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David Devriès (born February 14, 1881 in Bagnères-de-Luchon, France, died July 17, 1936 in Neuilly-sur-Seine, France) was a French operatic lyric tenor noted for his light, heady tone, and polished phrasing. He represents a light style of French operatic singing that was popular in the 19th century.
He was born into a family of professional singers that included soprano Rosa de Vries-van Os (1828–1889) and baritones Hermann Devriès (1858–1949) and his father Maurice Devriès (1854–1919). He studied at the Conservatoire de Paris and débuted in the role of Gérald in Delibes's Lakmé at the Opéra-Comique, where he regularly performed throughout his career. His repertoire included Almaviva, Don José, Toinet in Le chemineau, Clément in La Basoche, Armand in Massenet's Thérèse, Alfredo, Jean in Sapho, Rabaud's Mârouf, Vincent in Mireille, Wilhelm in Mignon, Pedro in Laparra's La habanera, Des Grieux, Werther, Julien, Pinkerton and Cavaradossi as well as principal roles in many forgotten works. He created roles in the operas Aphrodite (Philodème), Les Armaillis (Hansli), Circé (Helpénor), Le roi aveugle (Ymer) and La Victoire (un Brigadier), at the Opéra-Comique.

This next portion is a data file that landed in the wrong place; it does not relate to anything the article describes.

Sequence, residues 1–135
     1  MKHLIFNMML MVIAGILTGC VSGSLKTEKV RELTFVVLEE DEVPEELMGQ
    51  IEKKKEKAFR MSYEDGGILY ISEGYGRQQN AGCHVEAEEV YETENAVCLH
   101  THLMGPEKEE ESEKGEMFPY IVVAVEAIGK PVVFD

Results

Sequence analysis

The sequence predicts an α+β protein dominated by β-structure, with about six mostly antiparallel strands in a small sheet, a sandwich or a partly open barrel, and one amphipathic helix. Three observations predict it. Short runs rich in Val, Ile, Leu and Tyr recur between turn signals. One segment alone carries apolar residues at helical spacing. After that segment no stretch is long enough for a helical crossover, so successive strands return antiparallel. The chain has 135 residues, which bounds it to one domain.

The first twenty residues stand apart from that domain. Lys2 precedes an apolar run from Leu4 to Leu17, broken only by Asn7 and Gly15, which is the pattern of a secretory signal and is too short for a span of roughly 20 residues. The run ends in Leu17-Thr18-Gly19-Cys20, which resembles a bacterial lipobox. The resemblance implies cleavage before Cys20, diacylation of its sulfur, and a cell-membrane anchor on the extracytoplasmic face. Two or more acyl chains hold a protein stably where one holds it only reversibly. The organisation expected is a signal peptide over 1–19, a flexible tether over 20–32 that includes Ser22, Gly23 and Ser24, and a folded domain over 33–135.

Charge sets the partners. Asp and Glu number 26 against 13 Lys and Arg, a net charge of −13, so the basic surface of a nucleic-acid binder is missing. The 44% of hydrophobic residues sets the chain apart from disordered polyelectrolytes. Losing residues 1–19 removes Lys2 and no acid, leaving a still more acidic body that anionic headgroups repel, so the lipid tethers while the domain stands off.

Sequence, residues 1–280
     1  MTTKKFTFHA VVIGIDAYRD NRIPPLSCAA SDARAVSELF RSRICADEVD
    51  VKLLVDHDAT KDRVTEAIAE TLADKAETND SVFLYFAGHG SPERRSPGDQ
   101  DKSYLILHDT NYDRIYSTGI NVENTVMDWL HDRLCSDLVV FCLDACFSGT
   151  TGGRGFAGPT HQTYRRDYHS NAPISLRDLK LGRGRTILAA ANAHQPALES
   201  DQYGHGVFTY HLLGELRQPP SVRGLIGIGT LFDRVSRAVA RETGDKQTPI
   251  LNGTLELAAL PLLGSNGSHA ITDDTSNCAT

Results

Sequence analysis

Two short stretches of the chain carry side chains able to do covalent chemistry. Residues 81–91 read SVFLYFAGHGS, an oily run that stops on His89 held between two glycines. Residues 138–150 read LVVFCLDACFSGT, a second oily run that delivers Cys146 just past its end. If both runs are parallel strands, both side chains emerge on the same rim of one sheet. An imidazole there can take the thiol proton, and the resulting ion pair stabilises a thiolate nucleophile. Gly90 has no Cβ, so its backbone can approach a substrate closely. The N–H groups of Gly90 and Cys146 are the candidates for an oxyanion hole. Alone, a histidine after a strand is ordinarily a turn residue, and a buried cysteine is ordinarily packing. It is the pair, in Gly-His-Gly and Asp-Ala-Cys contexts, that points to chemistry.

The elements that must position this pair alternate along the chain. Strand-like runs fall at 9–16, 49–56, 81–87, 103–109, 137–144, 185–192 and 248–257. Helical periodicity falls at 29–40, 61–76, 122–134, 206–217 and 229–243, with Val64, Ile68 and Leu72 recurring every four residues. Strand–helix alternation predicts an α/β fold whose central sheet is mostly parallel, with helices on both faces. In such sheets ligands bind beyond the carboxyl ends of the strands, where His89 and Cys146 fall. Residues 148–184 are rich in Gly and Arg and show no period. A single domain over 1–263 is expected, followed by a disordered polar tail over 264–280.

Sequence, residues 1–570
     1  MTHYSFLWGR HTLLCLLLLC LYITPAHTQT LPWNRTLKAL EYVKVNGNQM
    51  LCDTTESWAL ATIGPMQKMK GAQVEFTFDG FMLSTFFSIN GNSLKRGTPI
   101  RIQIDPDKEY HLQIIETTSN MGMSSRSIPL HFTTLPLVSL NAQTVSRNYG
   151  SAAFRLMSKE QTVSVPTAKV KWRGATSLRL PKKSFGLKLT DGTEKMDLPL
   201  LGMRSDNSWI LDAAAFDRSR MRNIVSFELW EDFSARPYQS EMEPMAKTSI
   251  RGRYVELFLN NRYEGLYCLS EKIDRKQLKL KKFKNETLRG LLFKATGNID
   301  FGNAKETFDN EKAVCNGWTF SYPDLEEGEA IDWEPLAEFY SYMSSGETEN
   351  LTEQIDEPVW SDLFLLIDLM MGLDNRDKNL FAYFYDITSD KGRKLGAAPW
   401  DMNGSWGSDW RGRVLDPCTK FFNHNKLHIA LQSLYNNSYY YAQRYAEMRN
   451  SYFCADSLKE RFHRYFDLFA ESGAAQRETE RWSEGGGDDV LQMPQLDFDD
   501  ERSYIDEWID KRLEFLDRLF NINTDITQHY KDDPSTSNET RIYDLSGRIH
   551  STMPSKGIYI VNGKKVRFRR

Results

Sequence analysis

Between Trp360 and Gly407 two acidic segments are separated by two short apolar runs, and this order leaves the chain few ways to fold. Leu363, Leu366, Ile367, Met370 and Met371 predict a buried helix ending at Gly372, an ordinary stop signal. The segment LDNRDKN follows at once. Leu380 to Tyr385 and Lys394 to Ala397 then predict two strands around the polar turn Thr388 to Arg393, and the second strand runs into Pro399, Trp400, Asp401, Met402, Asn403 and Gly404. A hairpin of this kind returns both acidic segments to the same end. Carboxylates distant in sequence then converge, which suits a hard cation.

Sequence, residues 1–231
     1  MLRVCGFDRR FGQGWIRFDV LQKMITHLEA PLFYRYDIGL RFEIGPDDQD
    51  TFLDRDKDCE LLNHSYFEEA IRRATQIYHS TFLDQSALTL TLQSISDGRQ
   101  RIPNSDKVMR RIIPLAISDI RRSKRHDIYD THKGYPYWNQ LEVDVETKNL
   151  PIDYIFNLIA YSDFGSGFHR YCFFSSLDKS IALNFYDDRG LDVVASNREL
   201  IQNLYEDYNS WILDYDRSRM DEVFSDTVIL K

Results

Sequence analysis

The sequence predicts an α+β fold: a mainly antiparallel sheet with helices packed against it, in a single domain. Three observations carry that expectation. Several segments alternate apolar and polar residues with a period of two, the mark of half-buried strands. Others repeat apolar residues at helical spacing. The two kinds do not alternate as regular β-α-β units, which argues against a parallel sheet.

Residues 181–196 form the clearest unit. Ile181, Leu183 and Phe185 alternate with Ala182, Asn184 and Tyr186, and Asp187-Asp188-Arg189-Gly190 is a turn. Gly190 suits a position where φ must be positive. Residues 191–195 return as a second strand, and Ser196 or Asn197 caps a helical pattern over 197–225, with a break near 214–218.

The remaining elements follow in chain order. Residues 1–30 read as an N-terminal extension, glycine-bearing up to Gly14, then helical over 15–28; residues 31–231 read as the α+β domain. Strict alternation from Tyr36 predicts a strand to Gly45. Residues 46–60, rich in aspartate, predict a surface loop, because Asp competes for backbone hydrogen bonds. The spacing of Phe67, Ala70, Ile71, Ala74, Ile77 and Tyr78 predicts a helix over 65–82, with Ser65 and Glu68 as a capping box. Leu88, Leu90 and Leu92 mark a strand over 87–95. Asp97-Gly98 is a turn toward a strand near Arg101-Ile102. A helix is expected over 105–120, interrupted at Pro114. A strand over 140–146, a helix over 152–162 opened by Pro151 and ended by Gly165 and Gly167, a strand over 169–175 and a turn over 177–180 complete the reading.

He performed alongside Mary Garden, Luisa Tetrazzini and Dame Nellie Melba. He also gave the world premiere of Boulanger's song cycle 'Clairières dans le Ciel', which Boulanger claimed was inspired by his voice.